diceman: <British millionaire financier Jim Slater stepped in to double the prize to a quarter of a million dollars, an act of generosity for which he was never thanked.>

...sounds like he's "milked it" for decades.

Jul-09-15
Premium Chessgames Member
  AylerKupp: <diceman> Yes, and he will probably continue to "milk it" until the day he dies. Why not? As he said, he could easily afford it. So for a person in that position $ 125K is a cheap way to get substantial ego gratification. But, since he apparently saved the match (or at least removed one of the obstacles in the path of it happening), I think that it is all of us who should be thanking him.
Nov-22-15
Premium Chessgames Member
  offramp: RIP Jim Slater. Born March 13th 1929, died November 18th 2015, aged 86.

Obituary in London Times, Saturday November 21 2015, page 84.

Mar-13-16
Premium Chessgames Member
  TheFocus: Happy birthday, Jim Slater.
Mar-13-16  Caissanist: I have added a few lines to his bio to cover his chess patronage of the 1970s, any feedback is welcome.
Dec-23-16
Premium Chessgames Member
  diagonal: <Caissanist> many thanks! Slater was one of the most powerful private patrons (Maecenas) in chess history.

NOTE: Create an account today to post replies and access other powerful features which are available only to registered users. Becoming a member is free, anonymous, and takes less than 1 minute! If you already have a username, then simply login login under your username now to join the discussion.

Please observe our posting guidelines:

  1. No obscene, racist, sexist, or profane language.
  2. No spamming, advertising, duplicate, or gibberish posts.
  3. No vitriolic or systematic personal attacks against other members.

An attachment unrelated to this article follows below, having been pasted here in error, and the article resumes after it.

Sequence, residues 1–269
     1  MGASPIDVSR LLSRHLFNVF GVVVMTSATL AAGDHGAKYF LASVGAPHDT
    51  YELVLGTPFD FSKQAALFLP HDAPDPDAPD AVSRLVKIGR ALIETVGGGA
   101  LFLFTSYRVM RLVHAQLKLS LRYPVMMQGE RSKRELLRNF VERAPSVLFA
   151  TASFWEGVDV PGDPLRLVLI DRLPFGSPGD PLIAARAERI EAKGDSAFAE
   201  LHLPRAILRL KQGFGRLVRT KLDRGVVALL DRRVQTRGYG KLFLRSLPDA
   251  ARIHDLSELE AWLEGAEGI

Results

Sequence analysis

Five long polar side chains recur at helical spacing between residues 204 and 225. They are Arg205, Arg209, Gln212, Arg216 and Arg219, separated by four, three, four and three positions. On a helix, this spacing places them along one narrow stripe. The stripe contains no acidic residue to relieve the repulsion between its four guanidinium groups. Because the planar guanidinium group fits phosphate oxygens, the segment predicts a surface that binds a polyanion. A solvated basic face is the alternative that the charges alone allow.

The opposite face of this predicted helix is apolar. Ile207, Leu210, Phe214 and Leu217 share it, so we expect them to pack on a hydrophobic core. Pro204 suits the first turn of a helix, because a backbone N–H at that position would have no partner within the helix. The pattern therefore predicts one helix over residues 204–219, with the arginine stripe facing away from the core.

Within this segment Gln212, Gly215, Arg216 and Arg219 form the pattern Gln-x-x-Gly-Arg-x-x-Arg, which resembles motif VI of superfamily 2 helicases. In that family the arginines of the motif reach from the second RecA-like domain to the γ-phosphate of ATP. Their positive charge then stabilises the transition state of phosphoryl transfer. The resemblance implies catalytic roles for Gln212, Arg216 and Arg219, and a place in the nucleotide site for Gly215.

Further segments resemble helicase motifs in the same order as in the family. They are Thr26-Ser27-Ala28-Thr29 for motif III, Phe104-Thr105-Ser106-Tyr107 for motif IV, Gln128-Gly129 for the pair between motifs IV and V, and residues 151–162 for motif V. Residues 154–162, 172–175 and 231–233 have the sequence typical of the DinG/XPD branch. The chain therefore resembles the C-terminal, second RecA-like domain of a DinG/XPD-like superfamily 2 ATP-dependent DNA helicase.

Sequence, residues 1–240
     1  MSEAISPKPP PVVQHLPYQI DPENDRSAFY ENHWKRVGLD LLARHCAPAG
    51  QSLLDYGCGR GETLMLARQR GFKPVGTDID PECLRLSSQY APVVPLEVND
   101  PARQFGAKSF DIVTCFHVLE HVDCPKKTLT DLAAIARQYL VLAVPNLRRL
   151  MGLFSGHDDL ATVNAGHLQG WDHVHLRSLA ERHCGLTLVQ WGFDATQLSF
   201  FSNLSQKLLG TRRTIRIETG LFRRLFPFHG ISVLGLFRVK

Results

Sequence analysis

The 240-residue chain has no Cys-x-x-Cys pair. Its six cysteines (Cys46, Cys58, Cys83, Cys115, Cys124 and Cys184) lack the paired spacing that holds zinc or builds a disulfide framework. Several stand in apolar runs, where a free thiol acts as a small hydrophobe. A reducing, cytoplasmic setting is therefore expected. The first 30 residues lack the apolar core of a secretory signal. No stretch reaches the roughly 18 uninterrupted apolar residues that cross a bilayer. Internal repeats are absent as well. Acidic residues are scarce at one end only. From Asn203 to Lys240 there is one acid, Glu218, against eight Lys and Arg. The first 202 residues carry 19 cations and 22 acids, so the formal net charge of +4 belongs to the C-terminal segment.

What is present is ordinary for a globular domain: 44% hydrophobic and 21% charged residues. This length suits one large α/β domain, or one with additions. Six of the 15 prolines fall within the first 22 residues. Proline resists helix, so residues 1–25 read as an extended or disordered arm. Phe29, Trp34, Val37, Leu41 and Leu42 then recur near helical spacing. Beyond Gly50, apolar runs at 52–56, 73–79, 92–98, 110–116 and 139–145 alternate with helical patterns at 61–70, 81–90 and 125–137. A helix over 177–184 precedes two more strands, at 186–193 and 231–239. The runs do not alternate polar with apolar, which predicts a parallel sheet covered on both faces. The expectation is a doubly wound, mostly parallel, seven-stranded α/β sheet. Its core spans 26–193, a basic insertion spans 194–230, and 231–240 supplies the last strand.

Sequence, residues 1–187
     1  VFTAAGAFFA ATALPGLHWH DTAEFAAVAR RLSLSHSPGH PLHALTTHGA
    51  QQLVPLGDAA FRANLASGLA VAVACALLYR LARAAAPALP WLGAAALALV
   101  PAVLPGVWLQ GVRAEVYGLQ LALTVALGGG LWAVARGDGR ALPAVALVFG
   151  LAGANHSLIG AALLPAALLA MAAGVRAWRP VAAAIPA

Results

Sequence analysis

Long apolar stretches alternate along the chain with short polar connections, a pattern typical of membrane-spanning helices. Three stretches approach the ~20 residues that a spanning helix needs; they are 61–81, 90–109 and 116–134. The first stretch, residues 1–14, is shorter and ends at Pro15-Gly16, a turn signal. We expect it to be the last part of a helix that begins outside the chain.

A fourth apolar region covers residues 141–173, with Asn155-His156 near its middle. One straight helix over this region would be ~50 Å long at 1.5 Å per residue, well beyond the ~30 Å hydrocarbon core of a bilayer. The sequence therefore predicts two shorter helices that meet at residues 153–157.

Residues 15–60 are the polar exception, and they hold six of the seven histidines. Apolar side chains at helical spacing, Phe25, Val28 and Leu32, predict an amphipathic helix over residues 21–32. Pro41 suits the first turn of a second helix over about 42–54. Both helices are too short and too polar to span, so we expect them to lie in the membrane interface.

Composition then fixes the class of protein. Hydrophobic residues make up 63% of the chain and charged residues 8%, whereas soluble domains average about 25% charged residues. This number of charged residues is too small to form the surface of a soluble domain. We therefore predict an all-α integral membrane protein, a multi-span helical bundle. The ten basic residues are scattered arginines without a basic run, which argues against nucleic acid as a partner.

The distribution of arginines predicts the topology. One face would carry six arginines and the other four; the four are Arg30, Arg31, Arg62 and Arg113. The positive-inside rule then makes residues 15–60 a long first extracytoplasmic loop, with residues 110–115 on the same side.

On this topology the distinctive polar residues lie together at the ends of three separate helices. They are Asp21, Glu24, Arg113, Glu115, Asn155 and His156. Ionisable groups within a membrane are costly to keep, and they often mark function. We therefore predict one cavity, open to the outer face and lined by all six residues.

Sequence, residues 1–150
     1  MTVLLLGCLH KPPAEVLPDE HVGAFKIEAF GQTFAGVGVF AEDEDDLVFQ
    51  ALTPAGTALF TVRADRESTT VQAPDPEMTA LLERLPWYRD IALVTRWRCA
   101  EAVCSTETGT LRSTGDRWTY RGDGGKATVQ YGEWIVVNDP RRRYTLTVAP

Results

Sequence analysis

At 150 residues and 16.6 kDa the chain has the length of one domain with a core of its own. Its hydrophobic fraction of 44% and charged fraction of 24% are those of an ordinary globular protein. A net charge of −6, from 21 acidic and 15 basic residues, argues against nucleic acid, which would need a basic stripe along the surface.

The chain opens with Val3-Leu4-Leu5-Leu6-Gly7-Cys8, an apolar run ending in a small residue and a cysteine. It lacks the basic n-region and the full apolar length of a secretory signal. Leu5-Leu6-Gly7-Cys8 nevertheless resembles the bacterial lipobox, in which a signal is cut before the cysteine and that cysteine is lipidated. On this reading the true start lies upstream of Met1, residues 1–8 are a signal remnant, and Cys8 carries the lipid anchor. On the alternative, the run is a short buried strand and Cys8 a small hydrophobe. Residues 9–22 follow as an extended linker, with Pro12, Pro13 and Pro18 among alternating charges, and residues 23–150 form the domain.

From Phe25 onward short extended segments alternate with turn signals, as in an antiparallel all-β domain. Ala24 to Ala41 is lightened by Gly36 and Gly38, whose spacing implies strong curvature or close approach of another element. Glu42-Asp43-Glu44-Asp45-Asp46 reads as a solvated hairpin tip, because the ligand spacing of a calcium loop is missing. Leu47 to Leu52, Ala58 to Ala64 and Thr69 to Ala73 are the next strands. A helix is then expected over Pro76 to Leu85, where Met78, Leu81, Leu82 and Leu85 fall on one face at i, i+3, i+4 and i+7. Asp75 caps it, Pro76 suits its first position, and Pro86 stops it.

4. Nothing in violation of United States law.
  5. No cyberstalking or malicious posting of negative or private information (doxing/doxxing) of members.
  6. No trolling.
  7. The use of "sock puppet" accounts to circumvent disciplinary action taken by moderators, create a false impression of consensus or support, or stage conversations, is prohibited.

Please try to maintain a semblance of civility at all times.

Blow the Whistle

See something that violates our rules? Blow the whistle and inform a moderator.


NOTE: Please keep all discussion on-topic. This forum is for this specific player only. To discuss chess or this site in general, visit the Kibitzer's Café.

Messages posted by Chessgames members do not necessarily represent the views of Chessgames.com, its employees, or sponsors.
All moderator actions taken are ultimately at the sole discretion of the administration.

Spot an error? Please suggest your correction and help us eliminate database mistakes!
Home | About | Login | Logout | F.A.Q. | Profile | Preferences | Premium Membership | Kibitzer's Café | Biographer's Bistro | New Kibitzing | Chessforums | Tournament Index | Player Directory | Notable Games | World Chess Championships | Opening Explorer | Guess the Move | Game Collections | ChessBookie Game | Chessgames Challenge | Store | Privacy Notice | Contact Us

Copyright 2001-2020, Chessgames Services LLC